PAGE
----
Compare any two graphics cards:
GeForce GTX 580 vs Radeon HD 4850 512MB
IntroThe GeForce GTX 580 has a clock frequency of 772 MHz and a GDDR5 memory frequency of 1002 MHz. It also makes use of a 384-bit memory bus, and uses a 40 nm design. It is comprised of 512 SPUs, 64 Texture Address Units, and 48 ROPs.
Compare all of that to the Radeon HD 4850 512MB, which makes use of a 55 nm design. AMD has clocked the core speed at 625 MHz. The GDDR3 RAM runs at a frequency of 993 MHz on this particular card. It features 800(160x5) SPUs along with 40 TAUs and 16 Rasterization Operator Units.
(No game benchmarks for this combination yet.)
Power Usage and Theoretical Benchmarks
Power Consumption (Max TDP)
In theory, the GeForce GTX 580 is 203% quicker than the Radeon HD 4850 512MB overall, because of its higher bandwidth. (explain)
Texel RateThe GeForce GTX 580 will be quite a bit (approximately 98%) better at texture filtering than the Radeon HD 4850 512MB. (explain)
Pixel RateIf running with a high resolution is important to you, then the GeForce GTX 580 is superior to the Radeon HD 4850 512MB, by a large margin. (explain)
Please note that the above 'benchmarks' are all just theoretical - the results were calculated based on the card's specifications, and real-world performance may (and probably will) vary at least a bit.
Please note that the price comparisons are based on search keywords - sometimes it might show cards with very similar names that are not exactly the same as the one chosen in the comparison. We do try to filter out the wrong results as best we can, though.
Memory Bandwidth: Memory bandwidth is the largest amount of data (measured in megabytes per second) that can be transported past the external memory interface within a second. It is worked out by multiplying the interface width by the speed of its memory. If the card has DDR RAM, it should be multiplied by 2 again. If DDR5, multiply by ANOTHER 2x. The higher the bandwidth is, the better the card will be in general. It especially helps with anti-aliasing, High Dynamic Range and higher screen resolutions.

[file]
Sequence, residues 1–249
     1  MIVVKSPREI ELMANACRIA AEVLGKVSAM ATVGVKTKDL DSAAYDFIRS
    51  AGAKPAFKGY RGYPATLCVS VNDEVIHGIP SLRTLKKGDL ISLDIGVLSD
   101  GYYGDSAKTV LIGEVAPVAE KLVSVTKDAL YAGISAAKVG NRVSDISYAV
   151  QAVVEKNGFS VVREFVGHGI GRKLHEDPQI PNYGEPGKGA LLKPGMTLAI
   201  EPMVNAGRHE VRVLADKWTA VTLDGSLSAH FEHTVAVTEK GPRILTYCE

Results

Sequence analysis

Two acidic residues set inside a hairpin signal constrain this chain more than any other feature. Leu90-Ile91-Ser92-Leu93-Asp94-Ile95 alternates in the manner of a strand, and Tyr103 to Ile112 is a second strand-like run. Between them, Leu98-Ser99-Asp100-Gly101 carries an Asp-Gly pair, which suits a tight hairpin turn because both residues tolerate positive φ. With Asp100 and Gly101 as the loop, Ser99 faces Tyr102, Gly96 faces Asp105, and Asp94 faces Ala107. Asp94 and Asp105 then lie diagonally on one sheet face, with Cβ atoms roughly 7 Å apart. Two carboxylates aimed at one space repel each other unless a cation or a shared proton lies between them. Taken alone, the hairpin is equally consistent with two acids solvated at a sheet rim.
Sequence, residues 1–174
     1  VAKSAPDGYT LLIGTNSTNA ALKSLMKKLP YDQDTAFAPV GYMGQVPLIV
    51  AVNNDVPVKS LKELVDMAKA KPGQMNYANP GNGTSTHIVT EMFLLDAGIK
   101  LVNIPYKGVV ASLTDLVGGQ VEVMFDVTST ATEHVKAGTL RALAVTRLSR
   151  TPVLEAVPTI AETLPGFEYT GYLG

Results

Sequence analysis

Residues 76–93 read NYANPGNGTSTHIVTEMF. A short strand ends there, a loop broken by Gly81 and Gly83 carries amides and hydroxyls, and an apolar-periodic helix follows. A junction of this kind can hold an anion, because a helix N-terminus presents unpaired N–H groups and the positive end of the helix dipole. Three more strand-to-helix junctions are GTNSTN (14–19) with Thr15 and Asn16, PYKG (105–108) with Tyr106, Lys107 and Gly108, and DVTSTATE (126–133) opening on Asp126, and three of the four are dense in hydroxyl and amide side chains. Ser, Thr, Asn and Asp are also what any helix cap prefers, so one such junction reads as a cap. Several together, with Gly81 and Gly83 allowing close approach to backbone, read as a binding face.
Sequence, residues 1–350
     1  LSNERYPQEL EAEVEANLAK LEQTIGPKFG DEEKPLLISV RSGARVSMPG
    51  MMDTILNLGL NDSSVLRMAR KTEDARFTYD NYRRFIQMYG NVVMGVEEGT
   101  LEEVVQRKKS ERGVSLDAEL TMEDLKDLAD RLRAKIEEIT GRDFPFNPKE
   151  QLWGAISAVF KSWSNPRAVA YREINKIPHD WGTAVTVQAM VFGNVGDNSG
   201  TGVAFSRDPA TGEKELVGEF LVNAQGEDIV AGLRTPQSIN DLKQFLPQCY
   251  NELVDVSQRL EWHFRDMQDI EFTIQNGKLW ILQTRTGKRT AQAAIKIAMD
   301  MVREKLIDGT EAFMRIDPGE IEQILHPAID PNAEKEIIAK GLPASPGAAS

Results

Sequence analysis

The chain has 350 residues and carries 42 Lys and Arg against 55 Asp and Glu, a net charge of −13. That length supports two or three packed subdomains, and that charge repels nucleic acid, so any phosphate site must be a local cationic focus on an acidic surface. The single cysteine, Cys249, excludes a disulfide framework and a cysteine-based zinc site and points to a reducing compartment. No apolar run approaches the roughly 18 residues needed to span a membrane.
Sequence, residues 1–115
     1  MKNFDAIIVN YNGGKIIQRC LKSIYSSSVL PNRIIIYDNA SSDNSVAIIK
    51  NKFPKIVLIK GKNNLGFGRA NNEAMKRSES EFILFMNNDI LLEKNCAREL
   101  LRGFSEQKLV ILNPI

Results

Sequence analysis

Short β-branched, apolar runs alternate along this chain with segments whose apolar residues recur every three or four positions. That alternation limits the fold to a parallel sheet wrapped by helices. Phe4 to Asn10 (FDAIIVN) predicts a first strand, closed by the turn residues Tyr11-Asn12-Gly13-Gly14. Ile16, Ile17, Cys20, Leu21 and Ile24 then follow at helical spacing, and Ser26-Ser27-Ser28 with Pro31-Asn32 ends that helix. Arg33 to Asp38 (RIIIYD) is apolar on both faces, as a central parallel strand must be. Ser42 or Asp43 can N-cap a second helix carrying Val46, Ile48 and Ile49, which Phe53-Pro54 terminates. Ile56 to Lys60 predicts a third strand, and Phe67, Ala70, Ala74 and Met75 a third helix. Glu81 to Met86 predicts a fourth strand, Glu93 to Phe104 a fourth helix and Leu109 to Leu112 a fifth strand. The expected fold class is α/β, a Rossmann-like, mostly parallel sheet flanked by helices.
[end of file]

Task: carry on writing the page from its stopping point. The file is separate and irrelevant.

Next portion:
Texel Rate: Texel rate is the maximum number of texture map elements (texels) that are applied per second. This number is calculated by multiplying the total texture units of the card by the core clock speed of the chip. The higher this number, the better the card will be at texture filtering (anisotropic filtering - AF). It is measured in millions of texels in one second.
Pixel Rate: Pixel rate is the most pixels the video card could possibly write to the local memory in a second - measured in millions of pixels per second. Pixel rate is worked out by multiplying the amount of ROPs by the clock speed of the card. ROPs (Raster Operations Pipelines - also sometimes called Render Output Units) are responsible for filling the screen with pixels (the image). The actual pixel fill rate also depends on many other factors, most notably the memory bandwidth of the card - the lower the memory bandwidth is, the lower the ability to reach the maximum fill rate.